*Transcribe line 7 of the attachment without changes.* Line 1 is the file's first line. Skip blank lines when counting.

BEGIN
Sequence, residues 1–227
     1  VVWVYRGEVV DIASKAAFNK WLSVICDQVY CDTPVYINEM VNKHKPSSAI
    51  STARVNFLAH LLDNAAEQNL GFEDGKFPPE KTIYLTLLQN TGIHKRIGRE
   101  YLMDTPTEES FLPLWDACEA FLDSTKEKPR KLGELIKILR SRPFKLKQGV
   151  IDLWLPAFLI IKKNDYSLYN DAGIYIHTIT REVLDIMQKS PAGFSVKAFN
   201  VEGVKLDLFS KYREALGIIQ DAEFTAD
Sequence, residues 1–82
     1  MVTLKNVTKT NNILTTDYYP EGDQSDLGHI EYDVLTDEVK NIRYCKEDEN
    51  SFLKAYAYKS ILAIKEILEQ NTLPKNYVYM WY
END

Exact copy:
Sequence, residues 1–82